Help with homework part 2

  • #1
If anyone could help me with my homework I would GREATLY appreciate it. I am totally lost. There are 2 questions. If you could tell me what/how to do it, I'd be happy to do it. I just need to know how. Thanks so much

Here is question 2:

A 5.5 kg mass is dropped at a constant velocity thru a vertical displacement of 2.0 m over a time interval of 4.0 seconds.

How much potential energy (joule) has it given up?
What is the power (watt) output?

If that power output was kept up for 24 hours how many kWhr of energy would be produced?
 

Answers and Replies

  • #2
LeonhardEuler
Gold Member
859
1
"How much potential energy (joule) has it given up?"

Gravitational potential energy is equal to mgh, so the change is [tex] \ mg \Delta\ h [/tex].

"What is the power (watt) output?"

The power is the time rate of change in energy. Since the forces are constant throughout the process, this can be found by dividing the total energy change by the length of time.

"If that power output was kept up for 24 hours how many kWhr of energy would be produced?"

This is just multiplying the power output by the time, but paying attention to units.
 
  • #3
LeonhardEuler said:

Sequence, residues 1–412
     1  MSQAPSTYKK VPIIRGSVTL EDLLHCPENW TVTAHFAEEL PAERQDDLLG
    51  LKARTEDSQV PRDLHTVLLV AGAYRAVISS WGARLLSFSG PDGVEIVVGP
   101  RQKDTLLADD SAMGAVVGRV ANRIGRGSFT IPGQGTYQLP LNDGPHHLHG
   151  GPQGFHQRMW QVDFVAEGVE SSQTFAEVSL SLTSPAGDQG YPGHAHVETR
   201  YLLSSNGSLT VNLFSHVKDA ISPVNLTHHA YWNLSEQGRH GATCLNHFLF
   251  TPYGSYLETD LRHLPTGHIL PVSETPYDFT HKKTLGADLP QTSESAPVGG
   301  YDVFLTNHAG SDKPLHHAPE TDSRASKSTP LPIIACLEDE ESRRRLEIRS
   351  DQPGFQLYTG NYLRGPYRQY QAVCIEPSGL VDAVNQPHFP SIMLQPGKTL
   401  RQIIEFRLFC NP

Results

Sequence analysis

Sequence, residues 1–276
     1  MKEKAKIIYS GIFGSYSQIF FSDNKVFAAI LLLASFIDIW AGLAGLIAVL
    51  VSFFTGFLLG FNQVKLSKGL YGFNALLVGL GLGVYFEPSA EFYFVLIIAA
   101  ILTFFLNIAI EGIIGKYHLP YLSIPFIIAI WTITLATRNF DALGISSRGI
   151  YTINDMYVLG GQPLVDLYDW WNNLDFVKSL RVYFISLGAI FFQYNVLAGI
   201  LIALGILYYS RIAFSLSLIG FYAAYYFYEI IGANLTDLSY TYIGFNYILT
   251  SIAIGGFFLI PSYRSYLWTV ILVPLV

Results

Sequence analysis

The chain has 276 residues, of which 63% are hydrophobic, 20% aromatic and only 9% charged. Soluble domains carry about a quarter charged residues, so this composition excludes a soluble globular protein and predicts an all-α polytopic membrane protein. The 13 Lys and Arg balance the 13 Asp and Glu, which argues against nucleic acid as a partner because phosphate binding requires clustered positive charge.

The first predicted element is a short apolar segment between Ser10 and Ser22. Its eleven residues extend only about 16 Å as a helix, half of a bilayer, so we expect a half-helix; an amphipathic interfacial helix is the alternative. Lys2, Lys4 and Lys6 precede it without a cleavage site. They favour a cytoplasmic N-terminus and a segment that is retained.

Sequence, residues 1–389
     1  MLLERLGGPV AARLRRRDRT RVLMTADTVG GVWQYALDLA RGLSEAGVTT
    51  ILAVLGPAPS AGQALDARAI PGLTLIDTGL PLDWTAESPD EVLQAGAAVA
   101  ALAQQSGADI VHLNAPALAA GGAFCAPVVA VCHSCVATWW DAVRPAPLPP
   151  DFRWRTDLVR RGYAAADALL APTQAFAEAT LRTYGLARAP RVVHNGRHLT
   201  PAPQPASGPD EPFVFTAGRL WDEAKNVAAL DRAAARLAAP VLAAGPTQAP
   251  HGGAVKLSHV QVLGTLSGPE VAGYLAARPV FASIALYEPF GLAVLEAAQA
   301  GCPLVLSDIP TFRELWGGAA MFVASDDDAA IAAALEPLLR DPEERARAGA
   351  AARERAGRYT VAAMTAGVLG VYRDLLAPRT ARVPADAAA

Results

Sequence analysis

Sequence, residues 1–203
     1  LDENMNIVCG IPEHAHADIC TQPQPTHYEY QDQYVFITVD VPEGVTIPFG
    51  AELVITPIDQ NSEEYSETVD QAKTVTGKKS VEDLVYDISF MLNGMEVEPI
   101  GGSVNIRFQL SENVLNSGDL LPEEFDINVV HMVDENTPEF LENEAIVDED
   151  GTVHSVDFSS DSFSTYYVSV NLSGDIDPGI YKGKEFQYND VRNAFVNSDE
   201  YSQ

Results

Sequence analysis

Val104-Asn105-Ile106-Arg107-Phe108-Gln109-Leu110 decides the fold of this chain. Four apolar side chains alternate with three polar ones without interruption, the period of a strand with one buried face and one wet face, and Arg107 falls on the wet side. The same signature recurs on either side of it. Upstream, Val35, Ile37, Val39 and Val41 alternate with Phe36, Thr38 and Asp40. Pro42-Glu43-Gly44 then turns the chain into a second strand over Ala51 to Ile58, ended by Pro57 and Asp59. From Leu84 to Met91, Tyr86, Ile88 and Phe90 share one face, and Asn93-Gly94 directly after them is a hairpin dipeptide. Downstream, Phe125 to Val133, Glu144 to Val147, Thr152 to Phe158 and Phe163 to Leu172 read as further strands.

"How much potential energy (joule) has it given up?"

Gravitational potential energy is equal to mgh, so the change is [tex] \ mg \Delta\ h [/tex].

"What is the power (watt) output?"

The power is the time rate of change in energy. Since the forces are constant throughout the process, this can be found by dividing the total energy change by the length of time.

"If that power output was kept up for 24 hours how many kWhr of energy would be produced?"

This is just multiplying the power output by the time, but paying attention to units.

Ok, based on what you are telling me I came up with:
How much potential energy (joule) has it given up? = 107.8 J
What is the power (watt) output? = 26.95 W
If that power output was kept up for 24 hours how many kWhr of energy would be produced? = 646.8 kWh

Am I doing it correctly?????????
 
  • #4
LeonhardEuler
Gold Member
859
1
Pretty much correct, but you didn't switch to kilowatts, so your last answer is off by a factor of 1000.
 
  • #5
LeonhardEuler said:
Pretty much correct, but you didn't switch to kilowatts, so your last answer is off by a factor of 1000.

Thank you, I did forget to do that.
 

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